Excerpt from ONE HOT COWBOY
The cold water of the Blackhawk Ranch’s swimming hole nearly numbed Rose, almost making her forget everything that had gone so wrong. The loss of Auntie Dee was still there, a deep, sore spot in her heart, but maybe now that wound would finally be able to start healing. Coming back here to Lonesome was a good start, she thought, even if it was at Cabe Dawson’s imperious behest. Here she could revisit some of her happiest memories of Auntie Dee.
“Here’s to you, Auntie Dee.” Getting ready to emerge, she lifted the shampoo bottle in a mock toast. Auntie Dee had loved crazy escapades. Even after Rose had left Lonesome, and they had to share their latest adventures by phone, Auntie Dee had sometimes one-upped her. She always wanted to hear all about Rose’s life, but always, always, the older woman had had stories of her own to tell.
Of course, the plain truth was that Rose wasn’t here at the old Blackhawk swimming hole just to swim and remember Auntie Dee. No, she was here to get clean, too, because she’d lost the key to the house she’d inherited from Auntie Dee. Until she was ready to face Cabe Dawson and retrieve a copy, she’d be camping out. Frankly, camping out was easier than facing down his disappointed stare when she confessed her carelessness.
God, she needed that house.
She needed to come home.
The water was a familiar kind of cold. She’d swum her heart out here summer after summer, whooping and jumping every chance she got because she’d loved the adrenaline rush as the swing’s rope curved up through the air, taking her higher and higher until her fingers slipped free and she was falling, flying through the air with the water waiting beneath her. Falling. Flying. She’d gotten those two mixed up back then. Then, when she’d left Lonesome, she’d done more than her share of both.
She knew the difference too well now.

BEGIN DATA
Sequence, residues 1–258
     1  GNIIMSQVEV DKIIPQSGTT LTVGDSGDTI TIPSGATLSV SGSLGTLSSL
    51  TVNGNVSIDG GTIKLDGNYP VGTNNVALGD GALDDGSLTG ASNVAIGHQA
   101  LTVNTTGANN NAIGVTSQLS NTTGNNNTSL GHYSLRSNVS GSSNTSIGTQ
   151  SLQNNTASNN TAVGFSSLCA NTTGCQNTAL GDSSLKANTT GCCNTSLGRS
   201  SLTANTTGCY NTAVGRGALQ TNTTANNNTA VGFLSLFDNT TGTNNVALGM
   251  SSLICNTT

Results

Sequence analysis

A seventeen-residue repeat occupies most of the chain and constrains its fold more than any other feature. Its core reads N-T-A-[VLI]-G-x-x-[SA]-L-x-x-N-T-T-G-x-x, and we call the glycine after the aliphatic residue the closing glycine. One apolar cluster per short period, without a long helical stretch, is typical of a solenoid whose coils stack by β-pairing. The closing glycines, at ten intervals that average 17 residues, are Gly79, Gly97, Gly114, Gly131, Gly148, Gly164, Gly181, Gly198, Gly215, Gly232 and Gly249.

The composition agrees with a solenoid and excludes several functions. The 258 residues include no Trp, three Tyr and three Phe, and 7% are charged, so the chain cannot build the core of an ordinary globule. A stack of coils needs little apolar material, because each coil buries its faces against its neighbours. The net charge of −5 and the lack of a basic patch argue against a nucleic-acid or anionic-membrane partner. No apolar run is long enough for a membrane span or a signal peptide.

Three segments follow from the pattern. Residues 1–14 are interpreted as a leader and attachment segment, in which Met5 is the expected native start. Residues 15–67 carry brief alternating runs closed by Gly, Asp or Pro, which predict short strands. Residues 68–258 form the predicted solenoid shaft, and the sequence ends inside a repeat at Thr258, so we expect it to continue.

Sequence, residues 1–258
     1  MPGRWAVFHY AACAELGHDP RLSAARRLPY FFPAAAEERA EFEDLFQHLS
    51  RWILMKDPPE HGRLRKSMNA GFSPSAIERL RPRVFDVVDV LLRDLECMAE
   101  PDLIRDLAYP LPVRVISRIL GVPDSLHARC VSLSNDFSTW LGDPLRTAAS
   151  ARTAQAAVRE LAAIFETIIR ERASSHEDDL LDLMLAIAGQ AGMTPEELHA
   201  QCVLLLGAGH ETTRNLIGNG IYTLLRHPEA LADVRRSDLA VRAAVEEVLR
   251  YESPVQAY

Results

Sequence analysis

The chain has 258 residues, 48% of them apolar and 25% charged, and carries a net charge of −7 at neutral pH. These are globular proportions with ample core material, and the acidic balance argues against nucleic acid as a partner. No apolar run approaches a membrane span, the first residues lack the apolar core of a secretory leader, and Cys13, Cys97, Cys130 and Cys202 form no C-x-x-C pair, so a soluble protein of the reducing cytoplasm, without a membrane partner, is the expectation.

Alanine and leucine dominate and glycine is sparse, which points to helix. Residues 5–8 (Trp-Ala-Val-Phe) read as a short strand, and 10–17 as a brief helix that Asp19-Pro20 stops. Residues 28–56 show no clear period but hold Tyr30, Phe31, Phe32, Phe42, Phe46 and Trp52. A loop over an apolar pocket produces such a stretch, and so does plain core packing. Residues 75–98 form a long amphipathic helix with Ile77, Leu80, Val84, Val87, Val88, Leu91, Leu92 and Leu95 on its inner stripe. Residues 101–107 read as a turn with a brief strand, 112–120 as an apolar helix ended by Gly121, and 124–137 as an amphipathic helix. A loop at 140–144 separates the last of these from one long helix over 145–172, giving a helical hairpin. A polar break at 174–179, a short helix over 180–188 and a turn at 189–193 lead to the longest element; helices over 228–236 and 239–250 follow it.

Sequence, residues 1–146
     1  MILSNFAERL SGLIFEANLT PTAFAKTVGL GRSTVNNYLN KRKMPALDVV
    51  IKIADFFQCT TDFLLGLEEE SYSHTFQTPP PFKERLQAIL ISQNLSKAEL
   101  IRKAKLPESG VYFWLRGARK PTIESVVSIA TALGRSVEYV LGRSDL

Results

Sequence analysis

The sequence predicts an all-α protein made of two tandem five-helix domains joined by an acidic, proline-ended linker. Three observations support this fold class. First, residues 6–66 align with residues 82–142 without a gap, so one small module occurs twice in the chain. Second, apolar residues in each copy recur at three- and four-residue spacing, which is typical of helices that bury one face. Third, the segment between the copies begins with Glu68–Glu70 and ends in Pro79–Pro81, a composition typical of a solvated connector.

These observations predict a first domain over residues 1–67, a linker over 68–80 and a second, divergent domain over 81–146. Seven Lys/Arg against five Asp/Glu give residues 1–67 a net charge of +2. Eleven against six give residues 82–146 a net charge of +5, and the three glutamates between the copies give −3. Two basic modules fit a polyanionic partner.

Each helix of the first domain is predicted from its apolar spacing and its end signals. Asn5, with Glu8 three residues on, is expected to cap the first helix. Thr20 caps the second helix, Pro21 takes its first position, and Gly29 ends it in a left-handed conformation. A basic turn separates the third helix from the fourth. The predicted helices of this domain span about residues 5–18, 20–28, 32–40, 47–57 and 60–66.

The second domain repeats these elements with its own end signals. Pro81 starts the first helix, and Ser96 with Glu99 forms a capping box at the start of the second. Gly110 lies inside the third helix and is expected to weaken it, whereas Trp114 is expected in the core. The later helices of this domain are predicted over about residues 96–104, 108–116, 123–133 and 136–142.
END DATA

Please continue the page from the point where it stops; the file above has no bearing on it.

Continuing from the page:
When she heard the soft crunch of gravel, she didn’t think too much of it. This far out on the ranch, there was wildlife. It was part and parcel of the place. Still, the sound had her head turning instinctively, her eyes searching the darker shadows of the trees.
Adrenaline pumped through her in a sickening, dizzying rush of sensation. Oh, God. That wasn’t wildlife. There was someone standing there in the shadows. A large, too-male someone who was watching her. She wasn’t stupid. She was out here alone, and she was giving some stranger one hell of a peep show. And that was the best-case scenario.
No way she would be able to get out of the water, grab her keys, and run past him to her car. She would put herself within arm’s reach in the process, and she could imagine exactly how that scenario might end.
Maybe she could wait him out. But when she swam out to the center of the swimming hole, the water suddenly seemed too cold, too dark. God, she had to learn to think first. She shouldn’t have come here, and she definitely shouldn’t have come alone.
Booted feet moved forward, not making any effort to keep quiet. He didn’t care if she knew he was watching; he was warning her of his presence. She froze, her fingers clamping down around the stupid bottle of shampoo. Eight ounces of Suave wouldn’t save her now.
A rough growl of a voice came out of the darkness. “What do you think I should do with a naked trespasser, darlin’?”
The man behind the voice stepped out of the shadows, crouching down by the water’s edge. She knew the legs in those faded jeans and those hand-tooled cowboy boots. Even with his hat pulled down low, she recognized him. Cabe Dawson. He’d been her nemesis from the moment she’d set foot in Lonesome. Eight years in the town had burned that hard-edged, darkly handsome face and big, strong body into her memory. He was authority in these parts, and she’d spent every minute breaking his rules.
So it just figured Cabe Dawson would catch her red-handed in his swimming hole with a shampoo bottle, bare-ass naked.